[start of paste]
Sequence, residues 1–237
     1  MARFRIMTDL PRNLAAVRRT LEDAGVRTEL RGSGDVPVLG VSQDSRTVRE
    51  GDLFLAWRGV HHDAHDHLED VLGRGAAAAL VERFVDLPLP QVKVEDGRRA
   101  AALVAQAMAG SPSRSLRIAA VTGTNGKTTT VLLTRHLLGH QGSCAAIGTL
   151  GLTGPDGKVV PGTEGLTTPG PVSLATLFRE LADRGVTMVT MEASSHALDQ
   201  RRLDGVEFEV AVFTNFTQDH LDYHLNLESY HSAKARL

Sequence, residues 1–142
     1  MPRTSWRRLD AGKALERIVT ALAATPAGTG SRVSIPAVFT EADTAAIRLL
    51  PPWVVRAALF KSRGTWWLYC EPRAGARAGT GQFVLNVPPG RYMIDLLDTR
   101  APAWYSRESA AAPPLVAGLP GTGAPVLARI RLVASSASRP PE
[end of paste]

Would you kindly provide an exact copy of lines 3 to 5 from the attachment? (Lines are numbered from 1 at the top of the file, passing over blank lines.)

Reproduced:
    51  GDLFLAWRGV HHDAHDHLED VLGRGAAAAL VERFVDLPLP QVKVEDGRRA
   101  AALVAQAMAG SPSRSLRIAA VTGTNGKTTT VLLTRHLLGH QGSCAAIGTL
   151  GLTGPDGKVV PGTEGLTTPG PVSLATLFRE LADRGVTMVT MEASSHALDQ